I worked my way through UT as a Registered respiratory therapist, the only one on duty on Night Shift in Austin Texas. Are so enough of doctors at work to have no illusions about humanity and the humble  nature 😉

       I am a big advocate of exercise, and have been since before my first heart attack. I use a recumbent bike and weights but it is getting harder both from fatigue and a lack of motivation. I’m one who hates walking because of old back problems. I think you need to find an exercise that’s easy and holds your attention.  I use my bike and pretend I’ve got to peddle to produce the electricity to watch my favorite TV shows. Of course That presupposes that there is a TV show that I  enjoyed watching. 

      As a work in progress Christian I’m more than ready to go home, although I do hate to leave my wife. That attitude is tough for some to understand but it makes this process easier. 

      Finally, if you’re not taking Modafinil I highly recommend it.  I asked my hospice nurse if she had any other patients who were taking it. She said yes and it really seem to make a difference in the quality of life for that patient. It is really expensive and requires more than just a doctor script to get insurance to pay for but I wouldn’t want have give it up.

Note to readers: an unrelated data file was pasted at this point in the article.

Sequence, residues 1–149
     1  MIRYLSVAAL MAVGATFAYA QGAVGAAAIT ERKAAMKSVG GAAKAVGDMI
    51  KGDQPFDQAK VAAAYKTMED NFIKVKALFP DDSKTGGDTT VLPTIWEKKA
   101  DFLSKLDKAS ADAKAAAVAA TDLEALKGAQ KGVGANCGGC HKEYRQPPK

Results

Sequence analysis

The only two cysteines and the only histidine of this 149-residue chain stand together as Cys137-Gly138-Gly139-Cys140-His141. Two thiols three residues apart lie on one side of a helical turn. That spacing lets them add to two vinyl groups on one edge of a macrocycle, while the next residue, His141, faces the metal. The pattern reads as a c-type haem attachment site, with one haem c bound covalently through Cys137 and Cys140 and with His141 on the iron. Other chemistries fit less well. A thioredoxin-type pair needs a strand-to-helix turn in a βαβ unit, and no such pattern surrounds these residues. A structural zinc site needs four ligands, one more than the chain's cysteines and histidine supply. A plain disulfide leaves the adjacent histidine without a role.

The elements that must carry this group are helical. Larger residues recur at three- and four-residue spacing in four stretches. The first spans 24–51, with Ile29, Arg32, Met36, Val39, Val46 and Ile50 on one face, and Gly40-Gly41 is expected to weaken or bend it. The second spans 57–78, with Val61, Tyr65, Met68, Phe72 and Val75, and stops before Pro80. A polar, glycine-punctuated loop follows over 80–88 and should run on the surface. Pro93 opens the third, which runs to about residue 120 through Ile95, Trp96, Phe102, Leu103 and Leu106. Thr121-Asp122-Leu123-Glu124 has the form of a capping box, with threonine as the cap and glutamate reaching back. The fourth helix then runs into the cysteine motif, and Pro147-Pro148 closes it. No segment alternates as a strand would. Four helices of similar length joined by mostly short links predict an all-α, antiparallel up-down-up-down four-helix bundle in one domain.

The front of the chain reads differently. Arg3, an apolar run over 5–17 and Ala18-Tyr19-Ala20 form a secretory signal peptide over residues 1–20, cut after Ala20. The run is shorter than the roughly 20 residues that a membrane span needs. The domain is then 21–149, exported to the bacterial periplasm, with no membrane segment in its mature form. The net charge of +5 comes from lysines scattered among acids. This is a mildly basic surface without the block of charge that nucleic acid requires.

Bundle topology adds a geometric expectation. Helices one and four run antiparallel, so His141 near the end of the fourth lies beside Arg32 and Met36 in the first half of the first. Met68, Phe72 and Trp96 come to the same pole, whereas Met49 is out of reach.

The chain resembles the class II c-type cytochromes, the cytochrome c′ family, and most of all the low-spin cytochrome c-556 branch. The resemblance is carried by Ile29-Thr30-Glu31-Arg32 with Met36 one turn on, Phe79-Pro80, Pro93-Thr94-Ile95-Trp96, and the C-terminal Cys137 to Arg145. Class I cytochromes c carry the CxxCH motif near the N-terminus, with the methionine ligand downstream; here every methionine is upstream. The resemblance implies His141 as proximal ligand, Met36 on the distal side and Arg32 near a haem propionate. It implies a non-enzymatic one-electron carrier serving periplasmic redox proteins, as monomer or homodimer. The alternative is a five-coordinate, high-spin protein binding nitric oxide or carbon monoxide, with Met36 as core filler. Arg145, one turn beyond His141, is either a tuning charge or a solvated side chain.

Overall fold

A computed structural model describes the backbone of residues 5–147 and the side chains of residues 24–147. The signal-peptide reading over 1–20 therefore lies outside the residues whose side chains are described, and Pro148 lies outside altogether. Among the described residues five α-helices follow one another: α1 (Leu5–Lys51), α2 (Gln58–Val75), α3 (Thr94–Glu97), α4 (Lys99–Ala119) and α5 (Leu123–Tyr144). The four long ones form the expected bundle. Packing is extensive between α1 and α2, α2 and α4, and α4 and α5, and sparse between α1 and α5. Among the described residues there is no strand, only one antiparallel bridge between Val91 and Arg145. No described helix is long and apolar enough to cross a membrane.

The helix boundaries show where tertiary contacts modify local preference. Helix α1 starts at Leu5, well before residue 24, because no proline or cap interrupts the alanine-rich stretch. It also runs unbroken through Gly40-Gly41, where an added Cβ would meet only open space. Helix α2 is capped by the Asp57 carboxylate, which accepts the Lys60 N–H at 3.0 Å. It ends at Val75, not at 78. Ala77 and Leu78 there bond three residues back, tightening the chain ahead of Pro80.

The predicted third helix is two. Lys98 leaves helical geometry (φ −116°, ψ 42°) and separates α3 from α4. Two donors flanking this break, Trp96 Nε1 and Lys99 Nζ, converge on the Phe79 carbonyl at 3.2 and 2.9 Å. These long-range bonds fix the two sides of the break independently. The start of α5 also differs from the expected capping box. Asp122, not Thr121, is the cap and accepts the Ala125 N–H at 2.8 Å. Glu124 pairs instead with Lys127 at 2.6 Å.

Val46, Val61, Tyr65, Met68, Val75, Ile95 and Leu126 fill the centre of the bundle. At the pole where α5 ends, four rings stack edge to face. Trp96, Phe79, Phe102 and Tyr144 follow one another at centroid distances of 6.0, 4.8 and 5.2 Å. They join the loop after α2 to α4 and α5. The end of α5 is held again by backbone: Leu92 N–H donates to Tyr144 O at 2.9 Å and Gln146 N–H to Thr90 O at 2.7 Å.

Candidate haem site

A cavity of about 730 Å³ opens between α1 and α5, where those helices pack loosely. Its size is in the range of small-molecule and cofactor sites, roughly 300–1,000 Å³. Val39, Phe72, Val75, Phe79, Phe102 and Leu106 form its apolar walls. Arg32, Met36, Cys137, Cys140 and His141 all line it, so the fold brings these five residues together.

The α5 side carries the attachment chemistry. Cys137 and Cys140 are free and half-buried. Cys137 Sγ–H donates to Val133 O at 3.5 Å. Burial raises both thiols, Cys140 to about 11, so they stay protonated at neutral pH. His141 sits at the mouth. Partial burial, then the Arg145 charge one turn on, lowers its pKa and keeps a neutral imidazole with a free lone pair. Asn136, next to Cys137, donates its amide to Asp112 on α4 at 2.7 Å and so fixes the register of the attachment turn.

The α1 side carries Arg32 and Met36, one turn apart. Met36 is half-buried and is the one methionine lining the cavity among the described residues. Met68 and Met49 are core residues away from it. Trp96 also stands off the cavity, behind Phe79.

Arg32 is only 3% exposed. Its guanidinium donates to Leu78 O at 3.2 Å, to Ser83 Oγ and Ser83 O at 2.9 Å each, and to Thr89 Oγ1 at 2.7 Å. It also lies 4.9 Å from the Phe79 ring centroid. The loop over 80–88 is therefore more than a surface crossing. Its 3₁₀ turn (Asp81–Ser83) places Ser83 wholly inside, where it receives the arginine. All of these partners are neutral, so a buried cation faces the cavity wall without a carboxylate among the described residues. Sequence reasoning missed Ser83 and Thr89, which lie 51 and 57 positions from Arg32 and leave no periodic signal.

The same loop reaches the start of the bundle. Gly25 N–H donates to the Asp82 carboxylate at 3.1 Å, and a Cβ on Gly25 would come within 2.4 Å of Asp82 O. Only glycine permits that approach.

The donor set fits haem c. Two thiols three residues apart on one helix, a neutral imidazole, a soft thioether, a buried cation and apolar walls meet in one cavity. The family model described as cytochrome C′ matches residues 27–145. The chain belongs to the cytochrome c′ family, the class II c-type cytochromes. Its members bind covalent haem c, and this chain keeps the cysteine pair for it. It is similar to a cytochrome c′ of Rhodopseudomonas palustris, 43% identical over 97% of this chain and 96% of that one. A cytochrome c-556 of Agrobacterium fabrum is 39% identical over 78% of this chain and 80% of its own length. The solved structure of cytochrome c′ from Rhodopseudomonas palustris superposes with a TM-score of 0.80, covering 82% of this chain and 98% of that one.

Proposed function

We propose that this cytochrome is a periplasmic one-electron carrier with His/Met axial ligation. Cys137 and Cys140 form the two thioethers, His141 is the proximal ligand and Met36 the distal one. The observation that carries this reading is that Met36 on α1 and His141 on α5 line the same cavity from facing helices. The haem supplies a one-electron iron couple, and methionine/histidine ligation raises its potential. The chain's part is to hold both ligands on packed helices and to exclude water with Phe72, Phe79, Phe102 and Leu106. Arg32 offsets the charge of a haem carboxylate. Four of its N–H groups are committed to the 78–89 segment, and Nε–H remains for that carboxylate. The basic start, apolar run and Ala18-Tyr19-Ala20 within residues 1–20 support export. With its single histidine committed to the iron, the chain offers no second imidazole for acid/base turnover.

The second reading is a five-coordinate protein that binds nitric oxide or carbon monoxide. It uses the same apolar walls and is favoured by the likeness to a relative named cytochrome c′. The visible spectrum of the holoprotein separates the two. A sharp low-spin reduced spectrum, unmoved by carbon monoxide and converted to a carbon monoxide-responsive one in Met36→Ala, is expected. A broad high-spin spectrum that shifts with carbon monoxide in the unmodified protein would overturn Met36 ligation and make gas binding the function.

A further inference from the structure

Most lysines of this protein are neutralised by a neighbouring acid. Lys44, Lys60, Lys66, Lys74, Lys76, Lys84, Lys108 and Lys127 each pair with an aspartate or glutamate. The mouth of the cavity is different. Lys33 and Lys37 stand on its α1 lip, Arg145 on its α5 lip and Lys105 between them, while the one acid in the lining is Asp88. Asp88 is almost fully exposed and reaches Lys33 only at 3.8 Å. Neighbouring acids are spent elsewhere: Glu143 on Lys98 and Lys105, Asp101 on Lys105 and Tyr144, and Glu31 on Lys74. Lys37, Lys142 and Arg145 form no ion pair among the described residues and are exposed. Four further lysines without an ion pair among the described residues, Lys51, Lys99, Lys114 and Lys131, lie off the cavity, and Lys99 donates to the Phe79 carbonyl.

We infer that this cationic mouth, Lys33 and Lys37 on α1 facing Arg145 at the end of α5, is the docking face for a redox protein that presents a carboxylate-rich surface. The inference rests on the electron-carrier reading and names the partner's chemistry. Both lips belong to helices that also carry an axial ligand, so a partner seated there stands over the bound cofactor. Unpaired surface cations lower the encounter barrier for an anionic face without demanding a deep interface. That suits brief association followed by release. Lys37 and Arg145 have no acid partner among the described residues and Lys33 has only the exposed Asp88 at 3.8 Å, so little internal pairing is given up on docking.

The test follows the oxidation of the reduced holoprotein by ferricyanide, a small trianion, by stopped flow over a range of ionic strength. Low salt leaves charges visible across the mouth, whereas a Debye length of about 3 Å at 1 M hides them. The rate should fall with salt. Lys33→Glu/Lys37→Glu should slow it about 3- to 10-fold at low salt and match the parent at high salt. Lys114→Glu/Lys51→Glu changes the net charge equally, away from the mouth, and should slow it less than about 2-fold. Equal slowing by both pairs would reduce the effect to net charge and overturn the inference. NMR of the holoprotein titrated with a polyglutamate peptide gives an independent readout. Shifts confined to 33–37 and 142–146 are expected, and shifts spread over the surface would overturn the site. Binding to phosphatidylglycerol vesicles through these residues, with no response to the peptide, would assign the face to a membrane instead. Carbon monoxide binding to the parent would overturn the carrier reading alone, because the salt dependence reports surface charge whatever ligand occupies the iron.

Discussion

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  • Posted

    Reading this, Are you saying the meds work & I'm thinking after talking to my Dr next week I would DEF have a DNR, I watched my Mom & 3 sisters die of this, I cannot be a burden to my Family, I know they woud say I'm not BUT, I know its not easy, took care of My Mom & Baby sister for years , It was a thing I would never change & Was Happy to do that for them & Very happy I was able to spend the time with them all until the last breath. T/Y for listening  Have a nice Saturday 

     

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    • Posted

      Yes, Modafinil works to provide energy. It was developed to help folks with narcolepsy (inability to stay awake) and people with shift work problems. Of course it is no cure, but does give me two nearly normal days at the cost of a third where I sleep 18 out of 24 hours. I highly recommend it for an energy boost
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    • Posted

      I have been on that for years, I don't take a lot of it, But seems it is not working anymore... I have a hard time sleeping, But All I seem to do is lay around & Rest, I hate that, I so want to be active. Maybe I should take the dose the Dr. said to take, I never take  what they say, Always less ! Time to give it a try again Thanks .Have a good one .Best Wishes

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  • Posted

    Hi Rebbacchus